Angelina Jolie's openness about her decision to undergo mastectomies because of the BRCA1 mutation can help inspire countless women to face this difficult decision. Yet several obstacles exist that deserve attention, concerning doctors and costs of testing.
No one wants to pay for free stuff, and why should they? However, when you buy a television, DVD player or a number of other tech devices, you may be paying more than you should. Here is a story about how consumers are quietly getting ripped off.
While we live in an era of skepticism about government and its institutions, it is important to note the important work undertaken by the Federal Trade Commission, an underappreciated regulatory body that safeguards both competition and consumers.
The costs of protectionism can be large, as economists frequently point out when discussing 20 percent tariffs in steel. For some reason they become strangely silent when it comes to patent protection that raise the price of drugs by 1,000 percent.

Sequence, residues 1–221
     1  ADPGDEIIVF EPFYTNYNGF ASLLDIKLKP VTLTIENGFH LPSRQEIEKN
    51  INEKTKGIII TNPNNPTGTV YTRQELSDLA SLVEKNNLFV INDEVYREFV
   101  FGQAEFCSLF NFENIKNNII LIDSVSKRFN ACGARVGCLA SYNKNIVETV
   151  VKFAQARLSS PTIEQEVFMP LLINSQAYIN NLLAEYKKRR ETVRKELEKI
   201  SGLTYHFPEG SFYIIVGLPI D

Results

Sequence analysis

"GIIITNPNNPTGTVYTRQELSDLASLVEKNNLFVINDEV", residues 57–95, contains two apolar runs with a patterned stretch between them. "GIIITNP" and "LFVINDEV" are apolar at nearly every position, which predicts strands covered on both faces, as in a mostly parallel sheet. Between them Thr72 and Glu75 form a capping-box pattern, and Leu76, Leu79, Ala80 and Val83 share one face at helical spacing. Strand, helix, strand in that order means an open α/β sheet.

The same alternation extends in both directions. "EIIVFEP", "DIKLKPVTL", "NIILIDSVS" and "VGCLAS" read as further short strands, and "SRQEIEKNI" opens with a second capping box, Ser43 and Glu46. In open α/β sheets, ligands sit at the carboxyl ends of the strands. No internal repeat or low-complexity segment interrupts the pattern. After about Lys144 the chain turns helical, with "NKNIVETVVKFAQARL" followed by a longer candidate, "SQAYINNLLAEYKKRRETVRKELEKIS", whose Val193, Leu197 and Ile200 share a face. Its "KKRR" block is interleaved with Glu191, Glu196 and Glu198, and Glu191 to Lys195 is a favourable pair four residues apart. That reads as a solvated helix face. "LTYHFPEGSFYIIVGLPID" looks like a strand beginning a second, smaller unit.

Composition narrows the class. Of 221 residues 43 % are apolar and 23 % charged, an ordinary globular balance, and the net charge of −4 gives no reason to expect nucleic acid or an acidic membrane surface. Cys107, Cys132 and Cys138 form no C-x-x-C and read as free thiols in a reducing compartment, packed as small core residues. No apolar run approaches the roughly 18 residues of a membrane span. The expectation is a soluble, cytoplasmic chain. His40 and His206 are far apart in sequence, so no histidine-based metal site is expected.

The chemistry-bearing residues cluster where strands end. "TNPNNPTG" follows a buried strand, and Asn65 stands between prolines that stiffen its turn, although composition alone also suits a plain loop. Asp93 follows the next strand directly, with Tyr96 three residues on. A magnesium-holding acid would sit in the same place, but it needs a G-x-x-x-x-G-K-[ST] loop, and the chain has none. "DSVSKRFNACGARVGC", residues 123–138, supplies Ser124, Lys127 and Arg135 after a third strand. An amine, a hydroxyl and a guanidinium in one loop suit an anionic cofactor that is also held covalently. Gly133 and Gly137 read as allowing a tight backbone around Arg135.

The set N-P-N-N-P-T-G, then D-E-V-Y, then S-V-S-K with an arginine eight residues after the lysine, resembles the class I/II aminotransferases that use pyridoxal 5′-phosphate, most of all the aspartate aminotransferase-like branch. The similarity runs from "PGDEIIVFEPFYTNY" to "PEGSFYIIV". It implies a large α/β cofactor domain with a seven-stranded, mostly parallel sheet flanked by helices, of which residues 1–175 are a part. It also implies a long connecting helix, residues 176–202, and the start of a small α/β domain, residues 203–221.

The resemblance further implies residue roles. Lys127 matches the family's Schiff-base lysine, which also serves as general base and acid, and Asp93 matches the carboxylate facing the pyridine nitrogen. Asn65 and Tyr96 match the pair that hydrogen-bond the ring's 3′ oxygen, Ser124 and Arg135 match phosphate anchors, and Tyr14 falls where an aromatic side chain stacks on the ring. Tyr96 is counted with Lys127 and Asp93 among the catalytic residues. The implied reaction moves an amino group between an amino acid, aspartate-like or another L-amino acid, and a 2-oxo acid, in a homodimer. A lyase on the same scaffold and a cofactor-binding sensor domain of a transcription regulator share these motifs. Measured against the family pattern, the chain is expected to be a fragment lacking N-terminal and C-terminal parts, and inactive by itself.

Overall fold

But what if you want to incentivize investment in bold new drugs instead of me-too drugs? What if you want to encourage research into new areas that tangibly improve people's health? Then maybe, like India, you would only grant patents when that higher standard is met.
Many iconic American corporations have invested billions of dollars and hired many of the world's best scientists to work on renewable energy breakthroughs. But these scientists are sworn to secrecy in order to protect their companies' investments.
In the vigorous, ongoing debate about the state of America's patent system -- and the state of software patents, in particular -- there are some legitimate issues that call for practical solutions, and there is a great deal of peripheral noise.
Consumer-facing, peer-to-peer commerce start-ups are hot, but how many tie-sharing services does the country really need? (Yes, there is hot competition in this space.) Ideas like these are attractive because they are easy to act on quickly.
In a unanimous vote, the Federal Trade Commission announced it has closed its investigation into Google's search practices, concluding that the evidence "does not support" an antitrust case. The FTC cannot stop here.
The USPTO has been overwhelmed by both the volume and the novelty of applications for software patents, and they can't maintain a qualified staff. Patents currently last 20 years, which is way too long in the software business.